Monday, July 15, 2013

A great technique for walleye fishing

Greg Tanko back trolls with drift sock in place
Roy Windhorst with 25-inch walleye taken this week
For years Roy Windhorst, Dennis Egge, Bob Edwards and Greg Tanko have used drift socks tied to the bows of their boats to slow down their backtrolling speed for walleye fishing. To my knowledge, they are the only Bow Narrows anglers to use this clever but simple technique.
The drift sock, also known as a sea anchor, drags in the water, reducing their speed. They call it a "parachute."
 The drift sock accomplishes the same thing as an electric trolling motor, without the 60-pound lead-acid battery, 30-pound electric motor and 10-pound battery charger. It weighs virtually nothing, and takes no space in the car trunk. It is a far-more environmentally-friendly option than an electric motor. It costs a fraction as much and will probably last forever.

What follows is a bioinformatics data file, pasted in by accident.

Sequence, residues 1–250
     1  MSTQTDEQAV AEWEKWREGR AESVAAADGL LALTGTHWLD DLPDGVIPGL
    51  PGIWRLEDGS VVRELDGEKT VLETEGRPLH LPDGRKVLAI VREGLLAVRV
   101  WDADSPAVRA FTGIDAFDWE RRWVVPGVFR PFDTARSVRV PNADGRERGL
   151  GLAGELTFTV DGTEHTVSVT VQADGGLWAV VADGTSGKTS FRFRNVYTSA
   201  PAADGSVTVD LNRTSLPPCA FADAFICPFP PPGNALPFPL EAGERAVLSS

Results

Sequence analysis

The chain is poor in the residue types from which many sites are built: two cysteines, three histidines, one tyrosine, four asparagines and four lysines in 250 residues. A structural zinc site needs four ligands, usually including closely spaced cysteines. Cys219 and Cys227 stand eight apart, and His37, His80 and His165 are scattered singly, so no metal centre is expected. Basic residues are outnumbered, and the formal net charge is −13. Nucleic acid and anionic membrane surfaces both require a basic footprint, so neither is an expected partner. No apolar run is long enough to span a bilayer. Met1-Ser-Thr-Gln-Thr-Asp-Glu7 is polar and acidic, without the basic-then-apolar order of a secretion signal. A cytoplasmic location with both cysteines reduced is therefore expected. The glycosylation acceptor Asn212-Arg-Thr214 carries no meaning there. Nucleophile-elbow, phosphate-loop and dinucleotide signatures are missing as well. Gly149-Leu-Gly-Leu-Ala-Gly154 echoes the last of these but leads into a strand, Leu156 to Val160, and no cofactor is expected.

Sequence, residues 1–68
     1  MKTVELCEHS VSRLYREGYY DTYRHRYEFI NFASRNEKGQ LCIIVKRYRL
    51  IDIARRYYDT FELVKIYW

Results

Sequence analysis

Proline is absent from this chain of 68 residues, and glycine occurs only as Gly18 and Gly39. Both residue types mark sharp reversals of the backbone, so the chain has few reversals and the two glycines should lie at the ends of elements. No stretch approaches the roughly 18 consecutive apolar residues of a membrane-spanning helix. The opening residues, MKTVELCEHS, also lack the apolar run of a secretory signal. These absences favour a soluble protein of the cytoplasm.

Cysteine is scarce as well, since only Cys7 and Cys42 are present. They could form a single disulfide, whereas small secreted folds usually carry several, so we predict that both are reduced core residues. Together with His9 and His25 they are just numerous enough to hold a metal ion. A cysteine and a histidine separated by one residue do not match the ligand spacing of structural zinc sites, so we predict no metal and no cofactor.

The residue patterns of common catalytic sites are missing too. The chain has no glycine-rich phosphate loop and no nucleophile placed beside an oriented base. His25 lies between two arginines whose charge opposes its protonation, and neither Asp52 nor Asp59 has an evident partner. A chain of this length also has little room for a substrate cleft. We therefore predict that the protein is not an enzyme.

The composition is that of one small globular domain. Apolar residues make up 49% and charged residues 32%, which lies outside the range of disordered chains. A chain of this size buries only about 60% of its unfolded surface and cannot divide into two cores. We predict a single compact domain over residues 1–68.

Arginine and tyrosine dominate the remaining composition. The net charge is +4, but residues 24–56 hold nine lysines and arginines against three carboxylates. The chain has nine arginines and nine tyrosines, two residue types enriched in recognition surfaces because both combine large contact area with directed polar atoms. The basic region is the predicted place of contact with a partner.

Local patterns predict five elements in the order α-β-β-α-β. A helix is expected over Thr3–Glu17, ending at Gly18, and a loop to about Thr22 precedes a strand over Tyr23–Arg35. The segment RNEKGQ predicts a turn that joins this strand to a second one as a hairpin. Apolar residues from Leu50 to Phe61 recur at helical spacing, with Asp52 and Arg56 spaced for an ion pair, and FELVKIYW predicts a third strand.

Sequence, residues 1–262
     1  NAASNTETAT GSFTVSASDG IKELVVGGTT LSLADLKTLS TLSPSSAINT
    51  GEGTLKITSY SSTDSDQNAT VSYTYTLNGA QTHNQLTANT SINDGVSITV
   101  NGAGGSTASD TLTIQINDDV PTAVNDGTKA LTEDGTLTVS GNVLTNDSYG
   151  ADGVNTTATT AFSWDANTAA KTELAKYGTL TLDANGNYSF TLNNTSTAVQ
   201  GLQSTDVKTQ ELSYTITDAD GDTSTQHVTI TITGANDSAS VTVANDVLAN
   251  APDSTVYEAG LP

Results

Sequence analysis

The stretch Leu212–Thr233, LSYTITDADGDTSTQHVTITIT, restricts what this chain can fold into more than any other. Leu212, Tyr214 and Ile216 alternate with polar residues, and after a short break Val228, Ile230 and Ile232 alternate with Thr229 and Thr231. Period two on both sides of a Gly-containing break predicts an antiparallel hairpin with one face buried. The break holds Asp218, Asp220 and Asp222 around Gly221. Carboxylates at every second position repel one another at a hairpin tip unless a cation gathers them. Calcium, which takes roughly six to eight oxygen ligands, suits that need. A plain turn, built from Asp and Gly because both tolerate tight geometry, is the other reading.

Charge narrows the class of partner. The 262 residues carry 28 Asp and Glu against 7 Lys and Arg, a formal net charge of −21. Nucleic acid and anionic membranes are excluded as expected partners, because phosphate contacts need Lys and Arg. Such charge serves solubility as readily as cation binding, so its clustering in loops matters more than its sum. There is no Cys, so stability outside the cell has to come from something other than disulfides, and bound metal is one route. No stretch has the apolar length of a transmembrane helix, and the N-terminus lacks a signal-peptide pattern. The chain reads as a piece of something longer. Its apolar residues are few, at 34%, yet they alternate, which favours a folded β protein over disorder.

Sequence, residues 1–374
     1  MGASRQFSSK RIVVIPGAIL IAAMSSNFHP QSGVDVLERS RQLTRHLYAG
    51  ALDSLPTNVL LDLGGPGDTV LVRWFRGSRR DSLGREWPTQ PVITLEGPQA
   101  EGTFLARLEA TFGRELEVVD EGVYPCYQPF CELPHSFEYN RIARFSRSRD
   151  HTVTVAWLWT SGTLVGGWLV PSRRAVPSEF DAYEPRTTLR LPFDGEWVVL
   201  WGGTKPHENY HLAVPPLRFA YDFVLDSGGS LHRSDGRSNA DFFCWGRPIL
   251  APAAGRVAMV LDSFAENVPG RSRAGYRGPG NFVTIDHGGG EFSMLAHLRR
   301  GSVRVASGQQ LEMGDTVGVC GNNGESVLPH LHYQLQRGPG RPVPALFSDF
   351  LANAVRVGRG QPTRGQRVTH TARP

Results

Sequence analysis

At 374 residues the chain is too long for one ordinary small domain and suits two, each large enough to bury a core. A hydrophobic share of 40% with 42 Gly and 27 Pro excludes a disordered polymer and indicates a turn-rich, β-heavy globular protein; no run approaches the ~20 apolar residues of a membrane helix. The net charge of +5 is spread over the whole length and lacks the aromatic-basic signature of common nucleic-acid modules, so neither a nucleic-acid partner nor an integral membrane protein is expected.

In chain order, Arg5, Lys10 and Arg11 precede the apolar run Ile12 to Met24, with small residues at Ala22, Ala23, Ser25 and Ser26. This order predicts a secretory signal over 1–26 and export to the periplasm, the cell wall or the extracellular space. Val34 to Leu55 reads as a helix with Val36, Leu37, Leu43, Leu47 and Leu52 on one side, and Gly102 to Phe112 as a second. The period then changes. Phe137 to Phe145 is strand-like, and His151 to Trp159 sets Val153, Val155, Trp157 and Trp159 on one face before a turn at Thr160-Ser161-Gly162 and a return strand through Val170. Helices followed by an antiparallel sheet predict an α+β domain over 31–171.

Our 20 hp Honda outboards troll exceptionally slowly all by themselves but the "parachute" takes them down to crawl. On windy days you can use the sock to slow down your drift too.
You can buy drift socks through outfits like Cabela's. Get the largest one available.
Incidentally, some people use electric trolling motors because they think the fish can't "hear" you. This is an example of anthropomorphizing. Unlike humans, fishes' lateral lines lets them feel movements in their environment. The turning of the electric trolling motor propeller is every bit as detectable to them as the sound of an outboard motor is to humans.
The point is that neither the propeller action nor the outboard's sound frightens them anyway. That is just something imagined by anglers.

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